It already feels like summer, and with the hot weather comes an even hotter housing market.
Sales of properties in the Victoria Real Estate Board region, including the West Shore, went up an astounding 53 per cent this April, compared to the same month last year. The VREB saw 1,286 properties sold last month. Up from 840 in April 2015.
Additionally, home buyers had fewer properties to choose from in April 2016 than April 2015, with active listings totalling 2,594 at the end of the month, down from 3,945 a year prior.
In a statement, VREB president Mike Nugent attributed the boost in home sales to a range of ongoing market trends, including low mortgage rates, higher employment, diversity of properties for sale and “growing international awareness” of Greater Victoria as a place to live.
“We continue to see extraordinary interest in the Victoria and area housing market,” said Nugent. “The vast majority of Victoria buyers are from within the local Victoria marketplace.”
According to the VREB, Victoria area residents, including those from the West Shore made up 70.5 per cent of home buyers last year. In the first quarter of 2016, the average has risen to 72.5 per cent.
Nugent said this quarter, they’ve seen slight increases in buyers from the Lower Mainland (8.2 per cent, up from 7.4 per cent in 2015), the U.S. (one per cent, up from 0.8 per cent) and Asia (0.8 per cent, up from 0.7 per cent).
They’ve also seen a decrease in Albert buyers, dropping from 5.7 per cent in 2015 to 3.9 per cent this quarter.
The VREB said the benchmark value for a single family home in the Victoria core was estimated at $581,700 in April 2015, and has since increased 17.7 per cent to $684,900. Nugent noted demand has created competition among prospective buyers.
“As a consumer it may pay to get creative, consider types of property and locations you may have not originally identified,” he said, adding condos and townhomes may be more appropriate for first-time buyers.
Nugent noted some areas, such as Esquimalt and the West Shore, are under slightly less pricing pressure and may offer more affordable alternatives.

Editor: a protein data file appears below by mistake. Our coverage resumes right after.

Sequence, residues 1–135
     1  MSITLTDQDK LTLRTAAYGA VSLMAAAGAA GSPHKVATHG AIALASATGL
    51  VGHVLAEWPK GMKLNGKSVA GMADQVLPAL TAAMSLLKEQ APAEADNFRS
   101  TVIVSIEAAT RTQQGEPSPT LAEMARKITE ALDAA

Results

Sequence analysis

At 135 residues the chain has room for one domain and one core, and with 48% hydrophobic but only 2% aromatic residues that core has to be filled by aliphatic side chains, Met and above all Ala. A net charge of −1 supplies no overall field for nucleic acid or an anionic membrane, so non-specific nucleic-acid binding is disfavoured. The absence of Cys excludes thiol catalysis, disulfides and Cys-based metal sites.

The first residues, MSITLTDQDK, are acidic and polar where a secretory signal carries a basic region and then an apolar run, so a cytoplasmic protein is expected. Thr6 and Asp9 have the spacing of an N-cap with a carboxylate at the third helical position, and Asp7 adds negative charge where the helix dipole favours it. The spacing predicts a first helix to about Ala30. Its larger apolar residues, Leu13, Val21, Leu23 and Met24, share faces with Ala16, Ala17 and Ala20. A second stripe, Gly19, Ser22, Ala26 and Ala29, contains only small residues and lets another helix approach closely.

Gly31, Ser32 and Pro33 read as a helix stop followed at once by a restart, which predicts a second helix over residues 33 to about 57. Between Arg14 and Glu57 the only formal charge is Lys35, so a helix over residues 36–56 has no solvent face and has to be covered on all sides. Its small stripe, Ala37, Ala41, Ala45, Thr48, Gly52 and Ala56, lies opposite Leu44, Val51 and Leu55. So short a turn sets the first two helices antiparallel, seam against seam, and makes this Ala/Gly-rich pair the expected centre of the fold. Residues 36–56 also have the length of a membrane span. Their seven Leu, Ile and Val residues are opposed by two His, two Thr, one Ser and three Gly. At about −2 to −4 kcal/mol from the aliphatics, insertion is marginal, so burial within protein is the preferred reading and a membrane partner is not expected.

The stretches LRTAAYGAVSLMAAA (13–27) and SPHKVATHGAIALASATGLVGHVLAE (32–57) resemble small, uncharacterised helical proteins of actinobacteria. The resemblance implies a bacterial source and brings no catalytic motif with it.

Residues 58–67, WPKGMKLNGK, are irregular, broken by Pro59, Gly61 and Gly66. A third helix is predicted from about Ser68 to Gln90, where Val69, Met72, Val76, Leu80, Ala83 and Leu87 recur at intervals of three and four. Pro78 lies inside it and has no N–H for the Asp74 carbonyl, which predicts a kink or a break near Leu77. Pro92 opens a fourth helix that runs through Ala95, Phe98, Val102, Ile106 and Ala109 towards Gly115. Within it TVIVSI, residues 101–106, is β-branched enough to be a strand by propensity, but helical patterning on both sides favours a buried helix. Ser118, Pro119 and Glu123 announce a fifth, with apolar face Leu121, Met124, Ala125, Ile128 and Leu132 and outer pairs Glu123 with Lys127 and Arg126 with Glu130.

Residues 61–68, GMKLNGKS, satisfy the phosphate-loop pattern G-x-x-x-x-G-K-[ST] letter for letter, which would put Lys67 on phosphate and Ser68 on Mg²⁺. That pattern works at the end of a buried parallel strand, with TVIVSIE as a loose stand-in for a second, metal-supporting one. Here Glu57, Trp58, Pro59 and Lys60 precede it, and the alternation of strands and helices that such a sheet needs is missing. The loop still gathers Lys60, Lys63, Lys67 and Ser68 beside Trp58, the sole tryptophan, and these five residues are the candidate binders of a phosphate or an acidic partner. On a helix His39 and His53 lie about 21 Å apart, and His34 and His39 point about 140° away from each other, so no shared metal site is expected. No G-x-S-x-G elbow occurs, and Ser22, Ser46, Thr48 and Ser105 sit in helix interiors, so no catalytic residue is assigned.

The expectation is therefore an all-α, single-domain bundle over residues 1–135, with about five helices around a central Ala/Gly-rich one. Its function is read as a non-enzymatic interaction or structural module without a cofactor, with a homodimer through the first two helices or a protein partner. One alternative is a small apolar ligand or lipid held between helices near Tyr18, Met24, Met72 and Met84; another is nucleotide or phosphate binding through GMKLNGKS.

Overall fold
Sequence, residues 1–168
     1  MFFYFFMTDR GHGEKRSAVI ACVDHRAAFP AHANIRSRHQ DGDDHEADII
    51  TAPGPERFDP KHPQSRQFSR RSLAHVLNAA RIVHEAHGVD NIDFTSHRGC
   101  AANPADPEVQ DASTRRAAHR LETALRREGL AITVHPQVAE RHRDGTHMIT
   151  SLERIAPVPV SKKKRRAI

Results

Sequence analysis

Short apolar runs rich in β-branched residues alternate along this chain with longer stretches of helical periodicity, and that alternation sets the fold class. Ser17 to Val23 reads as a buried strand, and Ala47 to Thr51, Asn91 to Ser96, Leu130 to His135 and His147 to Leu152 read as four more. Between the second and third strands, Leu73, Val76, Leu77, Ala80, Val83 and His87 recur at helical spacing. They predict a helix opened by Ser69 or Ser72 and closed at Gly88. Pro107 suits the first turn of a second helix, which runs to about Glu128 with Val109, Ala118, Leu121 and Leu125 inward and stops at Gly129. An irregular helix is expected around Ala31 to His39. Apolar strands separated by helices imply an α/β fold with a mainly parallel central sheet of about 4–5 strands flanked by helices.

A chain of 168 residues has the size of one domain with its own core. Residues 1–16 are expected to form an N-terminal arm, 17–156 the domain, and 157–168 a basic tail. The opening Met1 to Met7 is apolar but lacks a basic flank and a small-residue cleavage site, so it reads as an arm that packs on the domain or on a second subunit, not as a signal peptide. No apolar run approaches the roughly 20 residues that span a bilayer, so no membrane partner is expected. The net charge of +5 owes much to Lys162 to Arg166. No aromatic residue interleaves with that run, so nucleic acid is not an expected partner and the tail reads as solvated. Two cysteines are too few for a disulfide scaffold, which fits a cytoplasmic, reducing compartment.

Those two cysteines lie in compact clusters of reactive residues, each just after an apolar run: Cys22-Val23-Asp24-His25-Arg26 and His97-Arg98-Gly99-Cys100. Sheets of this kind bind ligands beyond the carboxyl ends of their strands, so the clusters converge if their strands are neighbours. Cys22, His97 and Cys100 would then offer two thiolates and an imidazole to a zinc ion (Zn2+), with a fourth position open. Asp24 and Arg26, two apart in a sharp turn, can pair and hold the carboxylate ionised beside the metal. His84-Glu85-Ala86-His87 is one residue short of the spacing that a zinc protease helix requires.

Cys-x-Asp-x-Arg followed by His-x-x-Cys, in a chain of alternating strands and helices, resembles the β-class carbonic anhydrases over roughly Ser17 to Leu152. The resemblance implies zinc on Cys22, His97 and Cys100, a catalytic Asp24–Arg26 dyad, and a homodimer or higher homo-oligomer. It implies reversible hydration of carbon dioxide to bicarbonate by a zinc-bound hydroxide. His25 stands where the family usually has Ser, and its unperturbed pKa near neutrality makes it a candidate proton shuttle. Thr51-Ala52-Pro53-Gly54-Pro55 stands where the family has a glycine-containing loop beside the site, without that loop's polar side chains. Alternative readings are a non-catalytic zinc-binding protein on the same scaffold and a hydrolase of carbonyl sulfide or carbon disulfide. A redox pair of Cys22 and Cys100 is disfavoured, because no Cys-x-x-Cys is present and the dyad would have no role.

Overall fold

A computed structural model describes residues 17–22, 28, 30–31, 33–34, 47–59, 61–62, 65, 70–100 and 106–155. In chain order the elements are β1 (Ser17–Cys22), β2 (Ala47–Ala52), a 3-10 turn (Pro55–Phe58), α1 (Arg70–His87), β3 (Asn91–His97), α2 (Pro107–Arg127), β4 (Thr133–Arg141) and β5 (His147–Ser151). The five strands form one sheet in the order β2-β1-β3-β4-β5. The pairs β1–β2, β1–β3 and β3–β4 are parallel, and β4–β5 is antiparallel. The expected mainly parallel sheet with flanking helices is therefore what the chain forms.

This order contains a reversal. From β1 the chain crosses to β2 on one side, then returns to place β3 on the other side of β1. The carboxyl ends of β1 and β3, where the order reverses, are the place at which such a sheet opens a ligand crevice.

Q: HOW DO NEW B.C. RULES ON CONTRACT ASSIGNMENT HELP HOME SELLERS?
This week Premier Christy Clark announced new regulations designed to protect home sellers from so-called “shadow fiipping” scenarios
Under the regulations, due to take effect May 16, real estate licensees who draft offers to buy property must include two separate terms about contract assignment in the offer: one that requires the seller’s consent to transfer the contract; and one that requires any resulting profit to be returned to the seller.
If the prospective buyer wants to remove these terms from the offer, the buyer’s licensee must notify the seller that the terms have been removed from the offer. The seller has the power to reject the offer and insist on one or both of the terms. Sellers must be advised to seek independent professional advice.
These changes are designed to prevent situations in which a buyer purchases a property, only to reassign the contract at a higher price before the closing date, without the seller approving the assignment. By ensuring conditions around assignment are transparent at the outset, sellers are in a better position to decide whether or not to accept an offer.
British Columbians with concerns about the conduct of real estate licensees should contact the Real Estate Council of BC. The council’s mandate is to protect the public interest by enforcing the licensing and licensee conduct requirements of the Real Estate Services Act.
GREATER VICTORIA MARKET UPDATE » MONTH TO DATE MAY 9/16 COURTESY VICTORIA REAL ESTATE BOARD
» 320 / 905 — NET UNCONDITIONAL SALES / TOTAL, MAY 2015
» 392 / 1,485 — NEW LISTINGS / TOTAL, MAY 2015
» 2,533 / 4,043 — ACTIVE RESIDENTIAL LISTINGS / TOTAL, MAY 2015